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Friday, January 20, 2012

what's your dream. (everybody's got a dream.)

[Note: As you may (or may not) have noticed, I've taken a rather prolonged hiatus from blogging. I'm in the process of working on a completely new blog that will launch later this spring. Until then, I wasn't planning to do any writing. That was until my friend Justin Zoradi, founder/executive director of These Numbers Have Faces asked me to write a post as a part of the organization's We Have A Dream Week in honor of Dr. Martin Luther King, Jr. I loved the topic and really believe in the work of These Numbers, so I was happy to contribute.]

Dream job. Dream vacation. Dream car. Dream house. Dream girl (or perhaps in your case, dream guy).

Often times when we dream, if we allow ourselves to dream, these are the things that occupy our minds. We do so, because it brings us joy. Honestly, who doesn't enjoy thinking about, or maybe even researching, that distant location that you would love to visit one day? Have you ever toured an extravagant home just to see what a 500 sq. ft. bathroom looks like? Taken a flashy sports car on a test drive, knowing you'll never buy it? Imagined what you'd do if you won the lottery?

We love to dream. That's why I have my "50 Things To Do Before I Die List" posted on the side of my refrigerator. Please let me know if you've got a connection to help me ride in a blimp (#17).


How often do we allow ourselves to dream big? No, think bigger. I'm talking about the kind of dream that requires a person to dedicate her/his entire life to its pursuit, even when there is no guarantee of its success. Clearly, it would be much easier not to. There is an immense amount of risk involved. Would we even dare?

Dr. King did. He not only allowed himself to dream, he shared his dream with the world. He lived it. He committed to it. Despite the seemingly insurmountable challenge that his dream sought to overcome. And ultimately, he died for it.

My favorite quote from Dr. King comes not from his famous speech on the Capitol Mall where his dream was outlined, but instead from a church in Memphis, hours before an assassin's bullet took his life and further ignited the dream.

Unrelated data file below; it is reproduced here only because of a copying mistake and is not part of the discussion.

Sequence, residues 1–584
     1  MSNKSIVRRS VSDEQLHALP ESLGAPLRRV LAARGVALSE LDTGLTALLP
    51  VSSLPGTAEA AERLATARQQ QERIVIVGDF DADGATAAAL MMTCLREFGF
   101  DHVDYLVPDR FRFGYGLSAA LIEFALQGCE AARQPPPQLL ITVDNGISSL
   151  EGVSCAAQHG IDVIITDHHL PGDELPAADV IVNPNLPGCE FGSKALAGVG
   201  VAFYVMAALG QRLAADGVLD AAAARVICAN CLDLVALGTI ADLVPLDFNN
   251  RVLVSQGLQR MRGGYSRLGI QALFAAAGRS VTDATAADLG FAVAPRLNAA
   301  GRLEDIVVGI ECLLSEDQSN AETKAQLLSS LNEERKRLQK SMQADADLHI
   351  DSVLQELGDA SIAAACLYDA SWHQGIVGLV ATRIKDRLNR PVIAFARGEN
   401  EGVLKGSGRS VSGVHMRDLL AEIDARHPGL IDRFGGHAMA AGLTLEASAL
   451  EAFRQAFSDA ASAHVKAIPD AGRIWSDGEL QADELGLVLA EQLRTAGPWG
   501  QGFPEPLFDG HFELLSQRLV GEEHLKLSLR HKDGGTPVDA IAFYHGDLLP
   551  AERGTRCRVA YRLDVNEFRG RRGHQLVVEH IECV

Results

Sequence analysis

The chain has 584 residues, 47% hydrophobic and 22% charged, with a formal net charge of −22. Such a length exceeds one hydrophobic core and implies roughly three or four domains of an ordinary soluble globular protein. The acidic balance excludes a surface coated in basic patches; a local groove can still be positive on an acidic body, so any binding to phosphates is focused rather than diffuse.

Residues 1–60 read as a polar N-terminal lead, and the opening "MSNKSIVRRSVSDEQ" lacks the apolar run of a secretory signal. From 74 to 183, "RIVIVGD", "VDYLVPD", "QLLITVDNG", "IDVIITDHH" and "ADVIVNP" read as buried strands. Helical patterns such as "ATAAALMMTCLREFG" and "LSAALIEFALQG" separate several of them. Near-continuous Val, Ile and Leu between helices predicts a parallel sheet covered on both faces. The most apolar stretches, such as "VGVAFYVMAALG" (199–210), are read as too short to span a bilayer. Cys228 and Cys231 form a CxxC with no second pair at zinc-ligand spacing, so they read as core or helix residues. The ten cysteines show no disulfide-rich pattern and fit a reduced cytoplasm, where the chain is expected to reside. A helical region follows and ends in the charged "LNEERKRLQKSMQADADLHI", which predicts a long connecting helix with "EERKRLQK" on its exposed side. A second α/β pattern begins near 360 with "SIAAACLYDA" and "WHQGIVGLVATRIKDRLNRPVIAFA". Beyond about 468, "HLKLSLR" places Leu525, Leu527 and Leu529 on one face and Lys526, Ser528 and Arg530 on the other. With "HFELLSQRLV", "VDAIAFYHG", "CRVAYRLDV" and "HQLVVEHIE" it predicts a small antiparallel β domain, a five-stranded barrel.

"I just want to do God's will. And He's allowed me to go up to the mountain. And I've looked over. And I've seen the Promised Land. I may not get there with you. But I want you to know tonight, that we, as a people, will get to the Promised Land. So I'm happy, tonight. I'm not worried about anything. I'm not fearing any man. Mine eyes have seen the glory of the coming of the Lord." (watch)
This quote expresses a distinct clarity of purpose and a belief that the dream is indeed attainable. It is these two characteristics that make such significant dreams worthy of pursuit. And moreso, make them possible.

These Numbers Have Faces operates from this same place of conviction and focus as it strives to achieve its dream of making higher education accessible to students from impoverished areas of South Africa. By doing so, the organization recognizes that not only will individual lives be transformed but entire communities as well. Their work is powerful. Impactful. But it is also daunting. Still, they have made the decision with conviction to invest in this dream. And in the process they have given their students the ability to dream, many for the first time in their lives.

Take Xolani, for example. This young man was raised in an extremely poor environment. (Think of what real poverty looks like, then double it. Then double it again.) Neither of his parents are employed, and the family relies heavily on government assistance. Despite the challenge of these conditions, Xolani had tremendous promise, but little hope. Through These Numbers Have Faces, there is now a legitimate reason for optimism. As a TNHF Scholar, Xolani is a third year accounting student.

Like Dr. King, Xolani has a dream. A dream that will have a profound impact on his community and the world. Using the education afforded him by These Numbers, Xolani dreams of transforming South Africa by fighting the corruption that has plagued his nation for generations. It is an audacious dream. It is daunting. It would be easier, safer, to dismiss the dream. But like Dr. King, Xolani has a distinct clarity of purpose and a belief that the dream is indeed attainable. And that makes the dream worth dreaming.

Xolani's dream and These Numbers Have Faces' dream is to transform the world. They are committed. And they are making these dreams a reality. I encourage you to check out These Numbers Have Faces. Read the incredible stories of lives transformed. And share these dreams with others, so that their impact will be expanded.

As for each of us, My hope is that we give ourselves permission to dream. Big. And then do it. C.S. Lewis' great character, Aslan, said it best: "Do not dare, not to dare."